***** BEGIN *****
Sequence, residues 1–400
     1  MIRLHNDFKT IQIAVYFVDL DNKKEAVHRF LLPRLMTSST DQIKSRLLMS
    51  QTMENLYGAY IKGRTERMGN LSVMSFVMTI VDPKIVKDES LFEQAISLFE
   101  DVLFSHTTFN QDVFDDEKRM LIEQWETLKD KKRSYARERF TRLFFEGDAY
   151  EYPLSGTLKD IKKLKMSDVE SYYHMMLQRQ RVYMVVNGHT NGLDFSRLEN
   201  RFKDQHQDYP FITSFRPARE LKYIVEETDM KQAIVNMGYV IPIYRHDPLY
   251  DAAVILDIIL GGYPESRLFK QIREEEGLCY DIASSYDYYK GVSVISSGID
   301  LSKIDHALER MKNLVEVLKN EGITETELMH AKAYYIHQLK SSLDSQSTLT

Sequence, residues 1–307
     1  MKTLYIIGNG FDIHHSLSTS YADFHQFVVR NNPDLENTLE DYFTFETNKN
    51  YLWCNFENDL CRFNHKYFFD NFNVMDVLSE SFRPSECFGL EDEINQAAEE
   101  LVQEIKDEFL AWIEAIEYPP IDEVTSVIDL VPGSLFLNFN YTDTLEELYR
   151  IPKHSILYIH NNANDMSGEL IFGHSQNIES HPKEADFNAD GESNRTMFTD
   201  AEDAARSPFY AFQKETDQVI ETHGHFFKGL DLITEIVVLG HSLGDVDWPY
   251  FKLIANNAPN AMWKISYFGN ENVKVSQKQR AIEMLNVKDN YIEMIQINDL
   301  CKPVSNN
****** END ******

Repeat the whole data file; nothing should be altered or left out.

Sequence, residues 1–400
     1  MIRLHNDFKT IQIAVYFVDL DNKKEAVHRF LLPRLMTSST DQIKSRLLMS
    51  QTMENLYGAY IKGRTERMGN LSVMSFVMTI VDPKIVKDES LFEQAISLFE
   101  DVLFSHTTFN QDVFDDEKRM LIEQWETLKD KKRSYARERF TRLFFEGDAY
   151  EYPLSGTLKD IKKLKMSDVE SYYHMMLQRQ RVYMVVNGHT NGLDFSRLEN
   201  RFKDQHQDYP FITSFRPARE LKYIVEETDM KQAIVNMGYV IPIYRHDPLY
   251  DAAVILDIIL GGYPESRLFK QIREEEGLCY DIASSYDYYK GVSVISSGID
   301  LSKIDHALER MKNLVEVLKN EGITETELMH AKAYYIHQLK SSLDSQSTLT

Sequence, residues 1–307
     1  MKTLYIIGNG FDIHHSLSTS YADFHQFVVR NNPDLENTLE DYFTFETNKN
    51  YLWCNFENDL CRFNHKYFFD NFNVMDVLSE SFRPSECFGL EDEINQAAEE
   101  LVQEIKDEFL AWIEAIEYPP IDEVTSVIDL VPGSLFLNFN YTDTLEELYR
   151  IPKHSILYIH NNANDMSGEL IFGHSQNIES HPKEADFNAD GESNRTMFTD
   201  AEDAARSPFY AFQKETDQVI ETHGHFFKGL DLITEIVVLG HSLGDVDWPY
   251  FKLIANNAPN AMWKISYFGN ENVKVSQKQR AIEMLNVKDN YIEMIQINDL
   301  CKPVSNN